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DataFlyte focusing on measured growth with big plans later on

DataFlyte(EDITOR’S NOTE: This is the second article in a two-part series focused on Knoxville-based DataFlyte Inc. which just secured $600,000 in angel funding in a round led by The Lighthouse Fund with strong participation from investors in Chattanooga.)

By Tom Ballard, Director of Innovation and Entrepreneurial Initiatives, Pershing Yoakley & Associates, P.C.

The evolution of DataFlyte, Inc. from an idea to a company ready for growth mode mirrors in many respects the stories of many successful entrepreneurial endeavors.

Jack Dischner, the company’s President, says the start-up was boot-strapped over the last four years with much of the actual cash needed coming from him. In fact, for the first two years, he worked part-time. It was less than 24 months ago that he started devoting full-time to the company.

“This thing consumed me,” he said, acknowledging that it still regularly produces sleep-deprived nights.

With limited cash, Dischner was able to draw on connections made over his career.

“I gave away shares in exchange for work,” he explained. He hired the first full-time employee in August when Dan Nower, DataFlyte’s Vice President of Engineering, joined the company after the $600,000 angel investment led by The Lighthouse Fund was secured. In addition, the company rented its first office space on Midpark Road in West Knoxville.

All of this sudden progress was possible because DataFlyte reached a significant breakthrough about 15 months ago, producing a reliability of 97.8 percent with its aerial reading of AMR-style meters deployed by utilities. This mark is nearly six points better than the readings normally achieved by trucks that drive through neighborhoods.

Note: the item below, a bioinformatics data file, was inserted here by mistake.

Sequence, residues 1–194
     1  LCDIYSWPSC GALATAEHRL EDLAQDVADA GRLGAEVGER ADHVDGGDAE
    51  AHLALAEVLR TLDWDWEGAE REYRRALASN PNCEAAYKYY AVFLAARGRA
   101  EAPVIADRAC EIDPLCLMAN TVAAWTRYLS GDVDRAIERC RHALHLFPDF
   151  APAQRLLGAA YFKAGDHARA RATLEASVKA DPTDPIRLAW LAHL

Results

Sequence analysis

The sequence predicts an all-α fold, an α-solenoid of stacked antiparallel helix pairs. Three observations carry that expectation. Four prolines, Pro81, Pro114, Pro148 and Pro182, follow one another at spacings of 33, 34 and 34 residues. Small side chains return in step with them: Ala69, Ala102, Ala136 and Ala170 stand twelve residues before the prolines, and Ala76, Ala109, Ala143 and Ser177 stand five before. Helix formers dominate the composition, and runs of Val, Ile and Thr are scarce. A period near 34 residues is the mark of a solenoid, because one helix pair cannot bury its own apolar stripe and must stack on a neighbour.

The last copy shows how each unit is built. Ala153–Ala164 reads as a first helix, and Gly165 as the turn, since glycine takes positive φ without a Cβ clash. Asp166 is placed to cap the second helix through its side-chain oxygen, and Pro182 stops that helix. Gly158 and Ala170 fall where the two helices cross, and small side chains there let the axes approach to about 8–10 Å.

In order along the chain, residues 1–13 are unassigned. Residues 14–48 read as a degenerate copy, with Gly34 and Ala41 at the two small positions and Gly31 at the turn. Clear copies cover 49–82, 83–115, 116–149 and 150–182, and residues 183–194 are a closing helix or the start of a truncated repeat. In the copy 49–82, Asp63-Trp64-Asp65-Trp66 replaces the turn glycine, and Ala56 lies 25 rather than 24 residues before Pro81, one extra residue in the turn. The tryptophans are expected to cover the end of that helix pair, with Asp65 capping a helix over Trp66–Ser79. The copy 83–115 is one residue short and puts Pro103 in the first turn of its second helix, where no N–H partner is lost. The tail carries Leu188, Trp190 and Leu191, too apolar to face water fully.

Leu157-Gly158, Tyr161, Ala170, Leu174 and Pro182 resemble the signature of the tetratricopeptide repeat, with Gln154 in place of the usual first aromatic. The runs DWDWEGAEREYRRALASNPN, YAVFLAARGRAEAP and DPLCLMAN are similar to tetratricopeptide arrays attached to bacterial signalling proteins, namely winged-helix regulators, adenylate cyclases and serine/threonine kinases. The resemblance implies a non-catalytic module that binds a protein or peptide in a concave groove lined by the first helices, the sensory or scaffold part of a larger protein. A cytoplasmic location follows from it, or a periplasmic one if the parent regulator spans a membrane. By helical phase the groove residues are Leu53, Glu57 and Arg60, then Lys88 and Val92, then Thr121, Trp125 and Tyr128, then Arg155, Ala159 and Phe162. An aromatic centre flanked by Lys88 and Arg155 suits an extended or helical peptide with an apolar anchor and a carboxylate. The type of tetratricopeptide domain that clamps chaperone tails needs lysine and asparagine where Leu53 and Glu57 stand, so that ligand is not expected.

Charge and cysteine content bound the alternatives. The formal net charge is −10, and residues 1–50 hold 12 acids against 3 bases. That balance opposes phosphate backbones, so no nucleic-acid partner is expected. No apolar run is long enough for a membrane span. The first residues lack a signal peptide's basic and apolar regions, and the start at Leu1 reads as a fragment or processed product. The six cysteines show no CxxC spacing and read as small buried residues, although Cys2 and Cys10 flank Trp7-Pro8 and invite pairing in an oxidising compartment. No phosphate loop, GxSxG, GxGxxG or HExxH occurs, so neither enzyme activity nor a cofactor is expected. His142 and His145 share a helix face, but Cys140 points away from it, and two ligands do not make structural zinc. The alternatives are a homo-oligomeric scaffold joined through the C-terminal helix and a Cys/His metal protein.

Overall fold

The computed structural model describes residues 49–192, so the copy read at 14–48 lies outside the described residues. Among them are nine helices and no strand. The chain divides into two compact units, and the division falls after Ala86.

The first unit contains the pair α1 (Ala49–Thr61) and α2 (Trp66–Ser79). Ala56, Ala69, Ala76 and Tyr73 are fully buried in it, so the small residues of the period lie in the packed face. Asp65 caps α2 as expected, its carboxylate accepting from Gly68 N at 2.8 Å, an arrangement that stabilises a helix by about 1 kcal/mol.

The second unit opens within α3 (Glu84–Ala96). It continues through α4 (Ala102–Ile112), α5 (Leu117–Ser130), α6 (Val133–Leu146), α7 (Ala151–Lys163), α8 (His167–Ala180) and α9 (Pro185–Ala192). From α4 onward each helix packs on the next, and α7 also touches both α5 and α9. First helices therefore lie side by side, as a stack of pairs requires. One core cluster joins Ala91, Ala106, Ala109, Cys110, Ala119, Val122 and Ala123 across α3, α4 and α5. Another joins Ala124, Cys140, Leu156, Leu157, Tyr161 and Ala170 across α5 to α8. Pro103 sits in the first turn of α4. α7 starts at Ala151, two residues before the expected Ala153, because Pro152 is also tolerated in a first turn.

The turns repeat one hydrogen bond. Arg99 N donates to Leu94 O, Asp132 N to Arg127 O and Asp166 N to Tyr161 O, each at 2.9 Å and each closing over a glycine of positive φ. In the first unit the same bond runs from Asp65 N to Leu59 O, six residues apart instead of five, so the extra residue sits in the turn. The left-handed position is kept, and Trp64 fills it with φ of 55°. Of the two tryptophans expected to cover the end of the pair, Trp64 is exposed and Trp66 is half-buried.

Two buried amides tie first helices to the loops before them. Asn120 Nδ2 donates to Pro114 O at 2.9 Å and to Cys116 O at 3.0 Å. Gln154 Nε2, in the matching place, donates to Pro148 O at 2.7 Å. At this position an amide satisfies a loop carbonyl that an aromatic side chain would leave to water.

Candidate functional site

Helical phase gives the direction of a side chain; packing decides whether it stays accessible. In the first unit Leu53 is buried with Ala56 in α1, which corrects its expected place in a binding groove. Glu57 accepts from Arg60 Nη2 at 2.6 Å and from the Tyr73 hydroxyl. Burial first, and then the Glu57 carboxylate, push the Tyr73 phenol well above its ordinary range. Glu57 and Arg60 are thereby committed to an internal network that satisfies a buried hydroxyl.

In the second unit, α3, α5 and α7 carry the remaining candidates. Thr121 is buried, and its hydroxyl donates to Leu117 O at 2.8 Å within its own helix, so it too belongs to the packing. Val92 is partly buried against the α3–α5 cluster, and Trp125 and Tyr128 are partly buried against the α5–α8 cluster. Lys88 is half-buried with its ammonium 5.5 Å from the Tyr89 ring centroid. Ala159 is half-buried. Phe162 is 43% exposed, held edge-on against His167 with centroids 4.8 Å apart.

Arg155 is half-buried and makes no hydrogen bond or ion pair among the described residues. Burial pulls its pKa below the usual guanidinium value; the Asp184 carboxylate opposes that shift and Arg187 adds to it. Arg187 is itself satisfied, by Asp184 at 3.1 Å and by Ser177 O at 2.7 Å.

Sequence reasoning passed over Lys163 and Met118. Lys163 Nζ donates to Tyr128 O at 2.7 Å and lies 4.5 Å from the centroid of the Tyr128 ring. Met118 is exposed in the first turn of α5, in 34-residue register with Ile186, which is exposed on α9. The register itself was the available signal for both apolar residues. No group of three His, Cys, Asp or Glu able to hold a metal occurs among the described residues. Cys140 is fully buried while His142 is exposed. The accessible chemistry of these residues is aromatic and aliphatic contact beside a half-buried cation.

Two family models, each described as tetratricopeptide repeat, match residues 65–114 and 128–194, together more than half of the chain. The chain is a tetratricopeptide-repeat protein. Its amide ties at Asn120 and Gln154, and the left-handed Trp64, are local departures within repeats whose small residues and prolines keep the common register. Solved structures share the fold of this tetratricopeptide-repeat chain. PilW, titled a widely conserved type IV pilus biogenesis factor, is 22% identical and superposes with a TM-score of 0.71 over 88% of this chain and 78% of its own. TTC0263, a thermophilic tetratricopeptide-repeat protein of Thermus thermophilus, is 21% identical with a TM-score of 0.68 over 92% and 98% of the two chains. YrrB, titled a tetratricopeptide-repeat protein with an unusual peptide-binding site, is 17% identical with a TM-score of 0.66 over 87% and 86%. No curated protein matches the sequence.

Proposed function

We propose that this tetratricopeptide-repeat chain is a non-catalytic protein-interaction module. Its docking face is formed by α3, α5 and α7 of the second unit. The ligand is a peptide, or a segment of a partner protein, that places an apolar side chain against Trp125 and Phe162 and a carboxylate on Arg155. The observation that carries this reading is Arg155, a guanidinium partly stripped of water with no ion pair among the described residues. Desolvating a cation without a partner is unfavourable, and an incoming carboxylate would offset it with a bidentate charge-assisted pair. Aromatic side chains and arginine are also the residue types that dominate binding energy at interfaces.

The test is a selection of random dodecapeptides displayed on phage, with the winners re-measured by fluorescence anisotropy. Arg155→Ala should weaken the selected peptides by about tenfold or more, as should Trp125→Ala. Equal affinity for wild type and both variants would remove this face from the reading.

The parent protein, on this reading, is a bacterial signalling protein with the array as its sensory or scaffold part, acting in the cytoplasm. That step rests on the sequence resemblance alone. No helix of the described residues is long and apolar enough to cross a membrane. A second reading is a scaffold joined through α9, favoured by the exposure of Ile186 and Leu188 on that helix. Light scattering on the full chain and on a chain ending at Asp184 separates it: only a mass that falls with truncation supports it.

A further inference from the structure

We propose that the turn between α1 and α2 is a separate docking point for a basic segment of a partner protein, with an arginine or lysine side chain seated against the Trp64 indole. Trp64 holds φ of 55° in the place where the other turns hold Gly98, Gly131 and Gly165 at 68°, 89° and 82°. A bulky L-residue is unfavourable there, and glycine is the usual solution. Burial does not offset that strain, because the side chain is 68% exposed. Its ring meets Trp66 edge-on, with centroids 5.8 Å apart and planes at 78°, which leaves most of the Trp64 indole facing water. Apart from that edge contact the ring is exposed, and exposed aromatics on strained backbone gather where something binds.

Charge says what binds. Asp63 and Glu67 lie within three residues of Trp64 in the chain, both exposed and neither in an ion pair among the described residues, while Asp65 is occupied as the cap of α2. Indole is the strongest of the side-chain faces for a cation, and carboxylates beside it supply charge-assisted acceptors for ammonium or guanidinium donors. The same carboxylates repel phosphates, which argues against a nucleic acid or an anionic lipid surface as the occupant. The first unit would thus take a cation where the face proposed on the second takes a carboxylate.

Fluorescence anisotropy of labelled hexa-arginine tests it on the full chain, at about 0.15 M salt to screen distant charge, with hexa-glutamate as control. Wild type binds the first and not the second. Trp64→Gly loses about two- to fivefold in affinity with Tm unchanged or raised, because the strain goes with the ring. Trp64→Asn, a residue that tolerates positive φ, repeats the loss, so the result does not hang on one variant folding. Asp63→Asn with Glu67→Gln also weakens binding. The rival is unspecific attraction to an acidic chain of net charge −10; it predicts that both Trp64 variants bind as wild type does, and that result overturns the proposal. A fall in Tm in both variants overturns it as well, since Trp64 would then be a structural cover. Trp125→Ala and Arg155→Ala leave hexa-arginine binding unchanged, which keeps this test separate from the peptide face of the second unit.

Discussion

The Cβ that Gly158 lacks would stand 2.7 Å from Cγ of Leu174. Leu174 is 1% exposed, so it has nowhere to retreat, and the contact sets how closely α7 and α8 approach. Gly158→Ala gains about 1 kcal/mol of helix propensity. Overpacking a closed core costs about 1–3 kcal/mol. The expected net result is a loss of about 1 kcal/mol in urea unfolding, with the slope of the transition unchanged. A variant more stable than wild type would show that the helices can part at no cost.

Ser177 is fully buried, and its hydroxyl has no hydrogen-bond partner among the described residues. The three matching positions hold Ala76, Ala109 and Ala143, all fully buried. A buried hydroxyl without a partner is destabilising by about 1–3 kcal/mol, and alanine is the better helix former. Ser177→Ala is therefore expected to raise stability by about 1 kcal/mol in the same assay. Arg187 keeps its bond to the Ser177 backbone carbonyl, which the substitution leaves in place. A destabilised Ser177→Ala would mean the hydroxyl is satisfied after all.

“We’re better, faster, cleaner and greener,” Dischner says of the technology and the process that DataFlyte uses. A mid-sized utility might consume 1,000 gallons a month in fuel for its vehicles to do the drive-by reading, while DataFlyte use 54 gallons of fuel for a six-hour flyover.

How does it work?

“It’s like a vacuum cleaner,” Dischner says of the way the company captures data.

From an altitude of 1,800 feet, the plane flies a grid with each swath about 2,500 feet from the previous one. DataFlyte also repeats the process, flying a second grid pattern at a 90 degree angle from the initial paths.

One technical challenge the DataFlyte team had to address is the lack of a single communications standard for wireless metering. Dischner explains there are multiple brands of devices, each with its own protocol.

It’s also not just a matter of capturing the data. DataFlyte has to eliminate duplicate readings that naturally occur and upload all the information into a database the utility customers can access to bill their customers.

“We’re starting with water meters,” Dischner says, but that’s just the initial customer focus. He wants to scale the company in the right way with the equivalent of a laser approach.

“Our business plan for the first year or two says we stay east of the Mississippi River,” he adds, but that’s part of its measured growth plan. “We have an eye on national and even international, but we are not going there yet.”

The market is large – 50 million AMR meters in the U.S. currently in a sector growing by 30 percent a year. With a growing market, some issued patents and patents pending including international provisionals, DataFlyte is ready to accelerate its growth.

Dischner and the team have big plans, something we’ll cover later when he’s ready to discuss them.


Tom Ballard

By Tom Ballard, Chief Alliance Officer,
Pershing Yoakley & Associates. P.C.

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